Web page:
For many years, scientists believed that the sight of an ordinary man dressed as a fat woman was literally the funniest thing in the world. Countless films were produced based on this premise, each more side-splitting than the last, each delighting viewers with its surefire mixture of giant latex bosoms and farts. There was a feeling of euphoria throughout the land as mankind celebrated its arrival at the pinnacle of comedy.
But then, one day, a crazy, disheveled man burst into a scientists’ conference, ranting that he had found something EVEN FUNNIER. The scientists dismissed him as a harmless lunatic, of course, before realizing it was Martin Lawrence. Then they dismissed him as a dangerous lunatic. Still, they listened.
“I’ve found it!” the frothing maniac shouted. “I’ve found something funnier than an ordinary man dressed as a fat woman: TWO men dressed as TWO fat women!”
There was a moment of stunned silence in the auditorium, followed by a flurry of activity as the scientists performed calculations and double-checked complicated algorithms. “Great Fermat’s marginalia, he’s right!” one shouted. “That IS funnier!”
And that, my friends, is the origin of “Big Mommas: Like Father, Like Son” — the funniest film in the history of cinema.
The preceding sarcasm has been deployed as a coping device, made necessary by the absence of liquor or narcotics in the reviewer’s apartment. For in truth, this sequel to “Big Momma’s House” and “Big Momma’s House 2” is a rancid, unwatchable load, devoid of mirth and joy, and an enemy to all that is good. You expect a certain level of awfulness from this franchise — let’s be honest, you expect a certain level of awfulness from post-1995 Martin Lawrence — but the idiocy on display here is breathtaking.
Lawrence reprises his role as Malcolm Turner, an FBI agent who has gone undercover as a morbidly obese grandmother twice already and is evidently itching for another opportunity. He gets it when his 17-year-old stepson, Trent (Brandon T. Jackson), witnesses a murder, and the two of them must go into hiding. The only safe place, naturally, would be an all-girls school for the performing arts where one of the dorms needs a housemother. Luckily, there is just such an institution here in this very city! Also very luckily, this school is where an important flash drive full of evidence has been hidden. Malcolm and Trent can hide from the killers AND look for the flash drive AND dress up like fat women AND fall down a lot, all at once!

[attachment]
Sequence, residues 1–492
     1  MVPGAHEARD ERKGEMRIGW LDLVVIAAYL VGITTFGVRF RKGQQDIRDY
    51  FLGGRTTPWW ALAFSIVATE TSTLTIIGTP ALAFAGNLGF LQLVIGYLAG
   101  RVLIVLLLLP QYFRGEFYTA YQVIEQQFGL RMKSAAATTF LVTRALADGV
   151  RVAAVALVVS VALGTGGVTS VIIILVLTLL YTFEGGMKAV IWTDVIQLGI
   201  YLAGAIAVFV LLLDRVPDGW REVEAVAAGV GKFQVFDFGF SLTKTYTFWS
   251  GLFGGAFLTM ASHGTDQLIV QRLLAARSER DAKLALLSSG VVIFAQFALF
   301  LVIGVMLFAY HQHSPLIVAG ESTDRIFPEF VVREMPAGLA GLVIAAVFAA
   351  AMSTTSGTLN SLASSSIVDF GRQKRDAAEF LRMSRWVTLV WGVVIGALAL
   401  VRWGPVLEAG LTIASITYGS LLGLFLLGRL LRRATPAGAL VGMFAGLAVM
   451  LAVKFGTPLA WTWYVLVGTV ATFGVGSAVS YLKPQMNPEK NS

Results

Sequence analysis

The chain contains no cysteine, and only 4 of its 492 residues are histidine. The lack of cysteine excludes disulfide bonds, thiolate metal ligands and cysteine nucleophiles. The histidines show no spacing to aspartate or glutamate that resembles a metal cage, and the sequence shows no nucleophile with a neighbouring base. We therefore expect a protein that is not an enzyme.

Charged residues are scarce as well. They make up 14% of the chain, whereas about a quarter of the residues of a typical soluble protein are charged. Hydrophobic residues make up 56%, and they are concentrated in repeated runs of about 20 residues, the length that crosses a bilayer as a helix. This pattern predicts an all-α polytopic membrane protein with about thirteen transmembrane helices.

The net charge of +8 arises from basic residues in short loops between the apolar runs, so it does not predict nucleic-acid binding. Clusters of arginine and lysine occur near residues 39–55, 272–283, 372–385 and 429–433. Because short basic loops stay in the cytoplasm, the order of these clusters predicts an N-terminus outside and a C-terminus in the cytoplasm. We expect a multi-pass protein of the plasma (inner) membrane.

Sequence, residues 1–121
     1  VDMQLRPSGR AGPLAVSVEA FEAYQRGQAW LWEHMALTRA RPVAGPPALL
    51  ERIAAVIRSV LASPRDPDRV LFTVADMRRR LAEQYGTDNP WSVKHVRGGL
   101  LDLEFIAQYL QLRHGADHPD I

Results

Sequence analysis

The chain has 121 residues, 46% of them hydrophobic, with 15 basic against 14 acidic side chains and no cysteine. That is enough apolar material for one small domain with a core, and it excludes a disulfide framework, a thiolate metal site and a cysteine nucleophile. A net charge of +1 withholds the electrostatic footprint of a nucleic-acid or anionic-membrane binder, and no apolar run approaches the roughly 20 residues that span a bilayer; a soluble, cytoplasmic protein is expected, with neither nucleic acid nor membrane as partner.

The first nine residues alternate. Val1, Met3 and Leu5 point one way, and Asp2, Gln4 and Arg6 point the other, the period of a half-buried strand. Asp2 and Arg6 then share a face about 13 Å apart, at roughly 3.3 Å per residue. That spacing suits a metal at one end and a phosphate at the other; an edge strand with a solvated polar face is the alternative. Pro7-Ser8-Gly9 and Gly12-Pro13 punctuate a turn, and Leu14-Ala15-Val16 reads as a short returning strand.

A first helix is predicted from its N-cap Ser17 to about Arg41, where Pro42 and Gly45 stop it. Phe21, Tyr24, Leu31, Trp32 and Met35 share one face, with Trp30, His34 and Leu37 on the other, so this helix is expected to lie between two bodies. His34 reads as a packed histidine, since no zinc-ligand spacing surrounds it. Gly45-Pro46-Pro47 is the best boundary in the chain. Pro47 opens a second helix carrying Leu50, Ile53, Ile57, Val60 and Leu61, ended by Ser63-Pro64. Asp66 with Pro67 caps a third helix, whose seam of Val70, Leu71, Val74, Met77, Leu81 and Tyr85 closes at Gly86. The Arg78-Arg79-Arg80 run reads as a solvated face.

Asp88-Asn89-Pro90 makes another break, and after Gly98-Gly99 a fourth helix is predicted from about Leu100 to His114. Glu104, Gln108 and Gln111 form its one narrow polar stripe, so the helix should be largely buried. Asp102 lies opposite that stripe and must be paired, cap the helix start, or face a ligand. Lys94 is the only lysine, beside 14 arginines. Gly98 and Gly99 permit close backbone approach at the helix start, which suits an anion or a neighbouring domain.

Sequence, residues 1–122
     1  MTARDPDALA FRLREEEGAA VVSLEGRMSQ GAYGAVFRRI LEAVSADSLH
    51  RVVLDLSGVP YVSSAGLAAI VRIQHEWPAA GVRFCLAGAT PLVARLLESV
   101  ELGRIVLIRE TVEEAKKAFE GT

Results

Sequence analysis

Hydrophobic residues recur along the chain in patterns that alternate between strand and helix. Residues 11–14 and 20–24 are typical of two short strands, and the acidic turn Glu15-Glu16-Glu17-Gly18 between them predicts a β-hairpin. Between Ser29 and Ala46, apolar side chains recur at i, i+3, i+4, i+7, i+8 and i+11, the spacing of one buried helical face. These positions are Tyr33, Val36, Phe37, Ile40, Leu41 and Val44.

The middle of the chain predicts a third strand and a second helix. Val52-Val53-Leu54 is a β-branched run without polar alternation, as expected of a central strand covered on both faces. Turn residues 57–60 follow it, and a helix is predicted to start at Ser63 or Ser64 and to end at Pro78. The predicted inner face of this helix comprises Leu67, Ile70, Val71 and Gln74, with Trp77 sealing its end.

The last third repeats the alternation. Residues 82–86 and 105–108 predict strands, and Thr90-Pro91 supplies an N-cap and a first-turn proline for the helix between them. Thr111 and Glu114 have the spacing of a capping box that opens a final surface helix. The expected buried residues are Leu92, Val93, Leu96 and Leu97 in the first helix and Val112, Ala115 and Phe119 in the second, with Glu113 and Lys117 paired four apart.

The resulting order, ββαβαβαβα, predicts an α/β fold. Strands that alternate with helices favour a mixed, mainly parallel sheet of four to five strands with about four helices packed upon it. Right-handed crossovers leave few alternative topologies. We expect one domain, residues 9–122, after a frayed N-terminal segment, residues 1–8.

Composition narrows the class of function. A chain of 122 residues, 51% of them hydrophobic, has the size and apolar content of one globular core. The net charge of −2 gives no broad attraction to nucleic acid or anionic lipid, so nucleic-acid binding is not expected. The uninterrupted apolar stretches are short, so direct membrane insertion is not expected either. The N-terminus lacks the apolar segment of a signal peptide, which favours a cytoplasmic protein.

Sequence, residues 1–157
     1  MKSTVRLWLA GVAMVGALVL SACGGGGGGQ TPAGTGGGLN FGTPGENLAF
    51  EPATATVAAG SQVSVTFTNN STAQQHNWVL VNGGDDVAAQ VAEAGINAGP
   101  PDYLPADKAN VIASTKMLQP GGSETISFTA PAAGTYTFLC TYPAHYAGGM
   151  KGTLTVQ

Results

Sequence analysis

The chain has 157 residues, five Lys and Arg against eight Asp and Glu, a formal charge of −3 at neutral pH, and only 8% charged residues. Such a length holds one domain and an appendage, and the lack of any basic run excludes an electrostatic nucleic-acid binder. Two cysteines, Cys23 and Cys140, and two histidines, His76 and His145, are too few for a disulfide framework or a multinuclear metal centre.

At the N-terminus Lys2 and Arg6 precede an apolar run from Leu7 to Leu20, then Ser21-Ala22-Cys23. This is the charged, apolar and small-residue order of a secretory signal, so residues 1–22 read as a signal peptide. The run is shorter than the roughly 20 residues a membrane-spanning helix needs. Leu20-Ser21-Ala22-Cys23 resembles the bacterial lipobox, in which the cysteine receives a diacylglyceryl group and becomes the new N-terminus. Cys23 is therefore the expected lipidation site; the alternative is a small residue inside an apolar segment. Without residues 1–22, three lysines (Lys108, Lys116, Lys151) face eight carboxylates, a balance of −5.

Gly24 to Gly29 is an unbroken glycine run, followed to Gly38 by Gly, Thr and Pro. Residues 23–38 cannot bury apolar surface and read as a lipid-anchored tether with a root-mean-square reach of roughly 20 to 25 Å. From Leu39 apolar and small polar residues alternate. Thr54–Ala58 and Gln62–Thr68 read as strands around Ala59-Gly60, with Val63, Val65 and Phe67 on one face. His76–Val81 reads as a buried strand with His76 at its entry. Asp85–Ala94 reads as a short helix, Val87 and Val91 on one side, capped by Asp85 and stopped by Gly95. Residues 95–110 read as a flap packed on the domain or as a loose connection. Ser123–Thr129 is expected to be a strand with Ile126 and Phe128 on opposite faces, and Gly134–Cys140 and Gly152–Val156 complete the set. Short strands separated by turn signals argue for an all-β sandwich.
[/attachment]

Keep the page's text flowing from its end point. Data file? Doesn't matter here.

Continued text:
(The part where Malcolm has to convince his stepson to do this is omitted altogether. Malcolm says something like, “I have an idea,” and we cut to the two of them in costume. The movie doesn’t even TRY to do a scene where Malcolm talks him into it.)
Malcolm’s character is Big Momma, who is morbidly obese (i.e., HILARIOUS), and Trent’s is Charmaine, who is only a little chunky. Charmaine, claiming to be Big Momma’s niece — and evidently allowed to attend a prestigious school for the arts on that credential alone — blends in with the girls and quickly falls in love with Haley (Jessica Lucas), a winsome pianist. Big Momma, meanwhile, snoops around for the missing flash drive, fending off advances from a lovestruck custodian named Kurtis (Faizon Love).
Brandon T. Jackson (from “Tropic Thunder”) actually looks fairly convincing as Charmaine. Probably not up close, and probably not for an extended period of time, and certainly not once he fixes Haley up with his “cousin,” Trent, and starts dashing back and forth, changing in and out of his costume to be two people at once. (Yes, it’s one of THOSE movies.) But he looks all right. Lawrence, on the other hand, as Big Momma: yikes. If you saw this monstrosity in real life, you would not assume it was just a regular old lady. You would assume it had accidentally been brought here from another dimension by military testing. Big Momma’s head looks like someone tried to sculpt a bullfrog out of pudding, then let it melt.
Ah, if only the shoddiness of the disguises were the film’s only flaw! I guarantee that if you have seen even one cross-dressing comedy, you have seen every single device used here. The screenplay, by first-timer Matthew Fogel and “Big Momma” veteran Don Rhymer, is almost admirably lazy: It contains not one original idea. Trent is a horndog who can’t believe his good fortune at getting to live in a girls’ dorm. He sometimes forgets to speak in a high-pitched voice. He and Haley go clothes shopping; she sees no reason not to share a fitting room; he nearly passes out from excitement. Nowhere in this do you find even a spark of creativity, no solid one-liners, no twists on the formula. Nowhere in this do you find anything, in fact, that isn’t completely irritating, predictable, simple-minded, and insulting.
As if that weren’t enough, remember how this is a school for the performing arts? That means one thing: musical numbers! Trent is an amateur rapper, which means Charmaine is pretty good on the mike, too, yo. There’s an excruciating “spontaneous” performance in the cafeteria that ends with Big Momma dancing on a table (why not?) before it collapses under her weight. (I guess we’re supposed to assume Malcolm’s fat suit weighs as much as an actual fat person.) The climax of the film coincides with the school’s big talent show. If you love the sloppy, unfunny slapstick of the “Big Momma’s House” movies but always wished they were more like deleted scenes from “High School Musical,” this is definitely the movie that you should ask your caretaker to let you see the next time you’re permitted to leave the group home.
F (1 hr., 40 min.; )